Ma Ceres P.Doyo, Inquirer

I gazed at the colored photo of the smiling Italian men—16 in all—in rugged clothes, and then I searched for the faces that became familiar because they landed on the front pages of newspapers and on TV screens after cruel men made victims of them.

The photo’s caption says: “PIME Fathers in 1984: 3 future martyrs and 2 kidnap victims.” The photo is among the many included in a book that should be a must-read for missionaries.

Photos on the back cover are of: Fr. Tullio Favali, killed on April 11, 1985; Fr. Salvatore Carzedda, killed on May 20, 1992; Fr. Luciano Benedetti, kidnapped in 1998; Fr. Giancarlo Bossi, kidnapped in 2007; Fr. Fausto “Pops” Tentorio, killed on Oct. 17, 2011.

Fr. Peter Geremia just sent me his book “Seeking God’s Kingdom of Justice and Peace,” an updated version, he said, of his diary-type “Dreams of Bloodstains” (which I wrote about years ago). At the end of the book are colored photos of the priests of PIME (Pontifical Institute for Foreign Missions) in mission areas.

Geremia, the book’s author, has been a missionary in the Philippines since the 1970s. He once worked in the Tondo slums but most of his priestly life has been spent in Mindanao. He speaks the local language.

He wrote me a note on the Tentorio case (also included in his book) which has been languishing in the dark. Could the case merit some newspaper space? he asked. He also sent me a copy of “Il vaggio continua,” the newsletter of the Fr. Fausto “Pops” Tentorio Foundation Inc. which was set up after the murder of the Italian priest. Looking out from the corner of the cover page is a cartoon Father Pops wearing a red tubao (ethnic head scarf), which he often used when he was alive.

Two weeks ago, Inquirer Mindanao reporter Germelina Lacorte wrote a story titled “3 years after Italian priest’s murder, still no case in court, say friends.”

“Three years after the killing of Italian priest Fr. Fausto Tentorio, people demanding for justice … are still waiting for the determination of probable cause that would lead to the filing of charges in court.”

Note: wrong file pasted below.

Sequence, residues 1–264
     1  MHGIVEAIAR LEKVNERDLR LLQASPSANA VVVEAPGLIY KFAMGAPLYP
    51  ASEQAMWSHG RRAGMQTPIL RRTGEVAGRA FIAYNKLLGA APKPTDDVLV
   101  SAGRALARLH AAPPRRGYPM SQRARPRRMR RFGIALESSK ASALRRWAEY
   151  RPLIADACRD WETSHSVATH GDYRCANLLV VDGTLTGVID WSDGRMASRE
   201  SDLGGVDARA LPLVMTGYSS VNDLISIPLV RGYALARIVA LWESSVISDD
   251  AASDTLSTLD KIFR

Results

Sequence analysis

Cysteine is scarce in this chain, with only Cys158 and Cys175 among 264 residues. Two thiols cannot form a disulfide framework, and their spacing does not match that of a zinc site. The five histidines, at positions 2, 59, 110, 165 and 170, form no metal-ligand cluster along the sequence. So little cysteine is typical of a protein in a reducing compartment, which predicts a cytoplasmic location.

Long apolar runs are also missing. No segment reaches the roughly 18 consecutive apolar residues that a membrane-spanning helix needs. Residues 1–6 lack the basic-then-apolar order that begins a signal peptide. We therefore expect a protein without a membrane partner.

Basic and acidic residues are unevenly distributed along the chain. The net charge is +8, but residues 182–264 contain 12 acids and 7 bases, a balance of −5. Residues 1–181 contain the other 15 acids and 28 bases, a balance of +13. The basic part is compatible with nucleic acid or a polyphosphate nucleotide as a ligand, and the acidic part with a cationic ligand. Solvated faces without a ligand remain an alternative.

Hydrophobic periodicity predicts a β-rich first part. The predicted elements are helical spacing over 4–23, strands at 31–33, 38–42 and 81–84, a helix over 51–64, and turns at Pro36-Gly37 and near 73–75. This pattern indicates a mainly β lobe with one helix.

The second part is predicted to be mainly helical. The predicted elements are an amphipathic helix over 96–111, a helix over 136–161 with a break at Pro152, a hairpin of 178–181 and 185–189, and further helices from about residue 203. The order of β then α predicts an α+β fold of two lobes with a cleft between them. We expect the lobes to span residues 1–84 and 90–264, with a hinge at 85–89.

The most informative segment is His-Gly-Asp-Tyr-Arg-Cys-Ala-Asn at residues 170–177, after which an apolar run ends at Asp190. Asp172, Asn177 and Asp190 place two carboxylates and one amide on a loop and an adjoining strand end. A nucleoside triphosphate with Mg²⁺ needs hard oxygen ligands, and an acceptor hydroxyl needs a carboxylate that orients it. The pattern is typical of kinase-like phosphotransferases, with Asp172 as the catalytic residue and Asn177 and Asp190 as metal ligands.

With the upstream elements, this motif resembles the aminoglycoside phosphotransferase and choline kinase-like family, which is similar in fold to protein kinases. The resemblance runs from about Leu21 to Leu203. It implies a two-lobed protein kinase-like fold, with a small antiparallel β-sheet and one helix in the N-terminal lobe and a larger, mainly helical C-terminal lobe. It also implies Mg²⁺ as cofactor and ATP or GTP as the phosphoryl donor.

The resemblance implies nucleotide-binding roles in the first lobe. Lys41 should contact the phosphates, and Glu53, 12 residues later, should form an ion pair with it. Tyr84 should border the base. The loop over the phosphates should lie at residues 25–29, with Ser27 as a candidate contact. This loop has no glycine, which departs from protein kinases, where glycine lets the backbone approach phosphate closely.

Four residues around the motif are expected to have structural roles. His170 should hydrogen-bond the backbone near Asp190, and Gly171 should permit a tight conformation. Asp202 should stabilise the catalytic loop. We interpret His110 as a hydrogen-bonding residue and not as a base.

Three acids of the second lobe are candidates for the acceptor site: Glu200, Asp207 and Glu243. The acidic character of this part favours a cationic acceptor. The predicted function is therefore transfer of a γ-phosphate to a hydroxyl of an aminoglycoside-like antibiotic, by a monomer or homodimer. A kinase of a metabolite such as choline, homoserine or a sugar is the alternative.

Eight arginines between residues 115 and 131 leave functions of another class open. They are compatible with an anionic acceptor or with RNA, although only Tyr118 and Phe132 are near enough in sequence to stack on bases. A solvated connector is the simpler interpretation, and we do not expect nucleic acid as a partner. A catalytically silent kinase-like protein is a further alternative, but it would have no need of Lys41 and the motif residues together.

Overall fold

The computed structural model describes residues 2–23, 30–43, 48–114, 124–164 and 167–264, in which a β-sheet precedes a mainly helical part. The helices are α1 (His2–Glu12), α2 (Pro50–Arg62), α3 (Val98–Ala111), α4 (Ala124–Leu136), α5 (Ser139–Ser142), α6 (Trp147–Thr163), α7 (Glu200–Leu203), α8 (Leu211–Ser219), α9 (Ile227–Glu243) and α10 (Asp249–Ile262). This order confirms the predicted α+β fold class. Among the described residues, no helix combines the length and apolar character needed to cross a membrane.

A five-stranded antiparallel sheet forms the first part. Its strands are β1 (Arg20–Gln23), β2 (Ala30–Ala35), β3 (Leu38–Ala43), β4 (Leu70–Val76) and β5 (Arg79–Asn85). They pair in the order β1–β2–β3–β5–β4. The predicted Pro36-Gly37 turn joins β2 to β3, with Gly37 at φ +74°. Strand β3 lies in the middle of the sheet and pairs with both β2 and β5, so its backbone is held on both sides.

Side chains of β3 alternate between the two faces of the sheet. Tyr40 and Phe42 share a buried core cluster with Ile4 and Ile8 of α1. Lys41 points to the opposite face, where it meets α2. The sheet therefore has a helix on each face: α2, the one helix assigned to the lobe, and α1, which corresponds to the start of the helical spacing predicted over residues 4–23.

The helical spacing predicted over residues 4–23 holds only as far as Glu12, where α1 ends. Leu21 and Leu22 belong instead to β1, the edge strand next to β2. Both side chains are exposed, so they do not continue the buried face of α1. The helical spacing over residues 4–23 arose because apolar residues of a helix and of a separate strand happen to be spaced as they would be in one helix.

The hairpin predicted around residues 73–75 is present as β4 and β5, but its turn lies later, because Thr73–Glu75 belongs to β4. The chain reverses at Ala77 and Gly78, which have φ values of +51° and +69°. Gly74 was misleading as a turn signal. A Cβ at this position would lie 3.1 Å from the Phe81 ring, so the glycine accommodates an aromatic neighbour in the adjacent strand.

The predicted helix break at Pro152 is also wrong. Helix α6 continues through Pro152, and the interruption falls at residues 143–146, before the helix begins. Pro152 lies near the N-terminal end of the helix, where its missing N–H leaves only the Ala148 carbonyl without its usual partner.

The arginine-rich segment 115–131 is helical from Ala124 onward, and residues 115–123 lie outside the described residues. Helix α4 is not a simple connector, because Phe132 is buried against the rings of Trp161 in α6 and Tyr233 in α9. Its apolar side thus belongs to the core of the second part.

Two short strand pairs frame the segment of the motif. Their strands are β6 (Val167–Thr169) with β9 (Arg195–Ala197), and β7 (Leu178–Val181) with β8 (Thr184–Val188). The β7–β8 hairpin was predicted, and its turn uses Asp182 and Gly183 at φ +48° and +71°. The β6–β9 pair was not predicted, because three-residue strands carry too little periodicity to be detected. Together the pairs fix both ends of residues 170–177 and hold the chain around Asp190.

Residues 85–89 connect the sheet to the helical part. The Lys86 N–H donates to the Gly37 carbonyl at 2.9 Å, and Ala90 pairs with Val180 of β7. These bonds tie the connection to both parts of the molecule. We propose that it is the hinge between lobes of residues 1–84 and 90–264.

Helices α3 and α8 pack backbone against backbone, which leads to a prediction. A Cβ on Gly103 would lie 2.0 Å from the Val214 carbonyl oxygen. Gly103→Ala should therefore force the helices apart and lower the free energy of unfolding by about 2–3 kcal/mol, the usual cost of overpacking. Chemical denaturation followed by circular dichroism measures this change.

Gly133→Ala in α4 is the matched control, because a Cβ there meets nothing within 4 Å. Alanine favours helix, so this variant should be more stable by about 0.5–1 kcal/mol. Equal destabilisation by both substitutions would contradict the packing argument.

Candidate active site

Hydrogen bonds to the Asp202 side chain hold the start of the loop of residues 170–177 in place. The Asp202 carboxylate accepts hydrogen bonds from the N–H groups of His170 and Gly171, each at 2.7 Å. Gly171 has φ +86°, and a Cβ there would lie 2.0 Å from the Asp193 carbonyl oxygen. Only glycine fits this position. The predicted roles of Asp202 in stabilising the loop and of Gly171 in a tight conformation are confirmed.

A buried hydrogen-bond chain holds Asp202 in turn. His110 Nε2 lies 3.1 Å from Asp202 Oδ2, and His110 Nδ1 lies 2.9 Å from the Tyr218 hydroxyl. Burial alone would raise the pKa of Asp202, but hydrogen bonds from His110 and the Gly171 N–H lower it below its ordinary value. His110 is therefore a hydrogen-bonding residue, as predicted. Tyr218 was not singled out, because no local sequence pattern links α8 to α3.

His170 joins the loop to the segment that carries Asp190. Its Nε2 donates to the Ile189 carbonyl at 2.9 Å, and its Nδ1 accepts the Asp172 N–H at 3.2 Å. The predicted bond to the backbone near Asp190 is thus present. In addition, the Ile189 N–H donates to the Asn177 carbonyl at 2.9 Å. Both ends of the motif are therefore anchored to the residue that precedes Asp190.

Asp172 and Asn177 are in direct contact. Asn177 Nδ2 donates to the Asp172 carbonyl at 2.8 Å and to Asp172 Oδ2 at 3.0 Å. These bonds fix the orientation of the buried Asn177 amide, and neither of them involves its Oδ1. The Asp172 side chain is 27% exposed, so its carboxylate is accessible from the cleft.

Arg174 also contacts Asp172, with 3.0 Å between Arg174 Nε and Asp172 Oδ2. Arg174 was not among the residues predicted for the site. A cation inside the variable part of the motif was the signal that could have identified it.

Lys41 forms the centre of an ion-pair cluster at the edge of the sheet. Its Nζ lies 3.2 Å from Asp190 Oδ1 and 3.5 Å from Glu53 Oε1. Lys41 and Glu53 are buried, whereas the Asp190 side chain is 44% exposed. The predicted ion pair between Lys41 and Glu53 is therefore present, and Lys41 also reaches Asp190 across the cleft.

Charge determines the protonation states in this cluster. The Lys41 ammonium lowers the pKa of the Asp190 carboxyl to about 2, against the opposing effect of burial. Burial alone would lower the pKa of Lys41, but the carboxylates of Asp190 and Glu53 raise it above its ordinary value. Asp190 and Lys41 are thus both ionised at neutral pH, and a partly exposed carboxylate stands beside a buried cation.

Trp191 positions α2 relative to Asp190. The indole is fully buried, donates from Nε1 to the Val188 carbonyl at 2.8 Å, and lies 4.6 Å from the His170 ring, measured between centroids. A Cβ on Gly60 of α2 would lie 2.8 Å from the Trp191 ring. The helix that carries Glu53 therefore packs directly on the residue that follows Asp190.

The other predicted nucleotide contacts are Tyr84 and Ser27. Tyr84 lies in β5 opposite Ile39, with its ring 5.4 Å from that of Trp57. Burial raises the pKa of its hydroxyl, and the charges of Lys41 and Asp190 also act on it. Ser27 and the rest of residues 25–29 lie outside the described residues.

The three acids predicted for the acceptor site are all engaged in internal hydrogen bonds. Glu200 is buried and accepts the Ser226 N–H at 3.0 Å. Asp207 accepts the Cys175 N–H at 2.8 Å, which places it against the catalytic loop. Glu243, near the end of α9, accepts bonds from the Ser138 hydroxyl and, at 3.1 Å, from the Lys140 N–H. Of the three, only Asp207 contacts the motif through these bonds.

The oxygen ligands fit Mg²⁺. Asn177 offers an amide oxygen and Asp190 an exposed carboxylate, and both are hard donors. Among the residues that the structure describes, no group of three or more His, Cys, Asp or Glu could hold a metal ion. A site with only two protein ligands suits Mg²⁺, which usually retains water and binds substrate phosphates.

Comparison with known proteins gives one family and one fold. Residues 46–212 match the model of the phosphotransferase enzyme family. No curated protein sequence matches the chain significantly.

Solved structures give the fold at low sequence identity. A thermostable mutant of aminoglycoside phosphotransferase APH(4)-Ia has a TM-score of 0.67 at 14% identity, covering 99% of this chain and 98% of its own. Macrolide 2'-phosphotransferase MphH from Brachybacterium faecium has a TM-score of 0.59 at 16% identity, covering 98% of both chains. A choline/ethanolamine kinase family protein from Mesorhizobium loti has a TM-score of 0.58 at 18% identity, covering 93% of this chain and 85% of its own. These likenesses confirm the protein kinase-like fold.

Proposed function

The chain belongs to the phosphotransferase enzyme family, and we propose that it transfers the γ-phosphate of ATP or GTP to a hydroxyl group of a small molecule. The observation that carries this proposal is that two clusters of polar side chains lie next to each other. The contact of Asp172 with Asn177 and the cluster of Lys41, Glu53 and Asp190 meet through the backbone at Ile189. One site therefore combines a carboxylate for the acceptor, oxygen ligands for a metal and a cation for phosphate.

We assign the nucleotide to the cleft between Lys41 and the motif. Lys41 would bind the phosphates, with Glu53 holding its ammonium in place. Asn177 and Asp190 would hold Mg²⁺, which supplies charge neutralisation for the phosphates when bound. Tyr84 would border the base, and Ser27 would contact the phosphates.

Father Pops, as Tentorio was fondly called, was killed in the Arakan Parish in the Diocese of Kidapawan in North Cotabato. He was 59. He was not the first foreign missionary to be killed, and not the first Italian.

But the journey continues. Il viaggio continua. The foundation set up in Father Pops’ name is focused on education, health, sustainable agriculture, environmental protection and peace advocacy. Its continuing quest: “Justice for Fr. Pops and all victims of extra-judicial killings.”

As if he had a foreboding of what would happen to him, Father Pops wrote in his will: “If I die, remember what God expects of us: to do justice, love mercy and walk humbly with our God.” In the local language he added: “Ang imong pangandoy akong pangandoy, ang imong pakigbisog akong pakigbisog. Ikaw ug ako usa ra kauban sa pagpanday sa ginharian sa Dios (Your dreams are my dreams, your struggles are my struggles. You and I are one in building the Kingdom of God).”

“Il viaggio continua” the newsletter also chronicles the developments in Tentorio’s case that seems to go nowhere despite the so-called SITU (special investigating team for unsolved cases) that President Aquino formed to handle extrajudicial killings. Who, what, is standing in the way?

The Justice for Fr. Pops Movement has offered leads, even a list of people who could be investigated, paramilitary groups and even police and military officials who might know something.

It’s been three years since the priest’s death but the Inquirer’s 2011 editorial (“Impunity in Arakan”) could well be used again, with punctuation marks remaining in the same places:

“The murder of Italian missionary Fausto Tentorio is yet another terrible blot on the reputation of the Philippines in the global community, and yet another indication (as though more were needed) that in these parts, the culture of impunity long noted by Amnesty International and even the United Nations’ Special Rapporteur on Extrajudicial Killings is ever robust.”

On the first anniversary of Tentorio’s death in 2012, an Inquirer editorial (“Runaway justice”) stressed that “the ability of Fr. Pops’ killers to evade the law with impunity is not an aberration. It is a continuing, and most damning affirmation of the government’s impotence to throw the book at powerful criminals who are able to count on the protection of shadowy forces in society, not to mention the glacial pace of the justice system, to shun accountability for their crimes…”

It is men like Father Pops and his fellow missionaries—men and women—in far-flung places of this benighted country, it is their selfless pouring out of the substance of their lives that make me see beyond the scandalous behavior and failures of some so-called called and chosen who remain in their comfort zones in the institutional Church.

I have lost count of the articles I have written on these heroic lives, some 50 of which I compiled into a book, “You Can’t Interview God: Church Women and Men in the News” (Anvil, 2013). I intend to send Pope Francis a copy.

May the spirit of those who offered their lives for peace and justice descend upon us and remain with us in these discombobulating times. Il viaggio continua from here to eternity.

Have a mysteriously peaceful All Saints and All Souls weekend.

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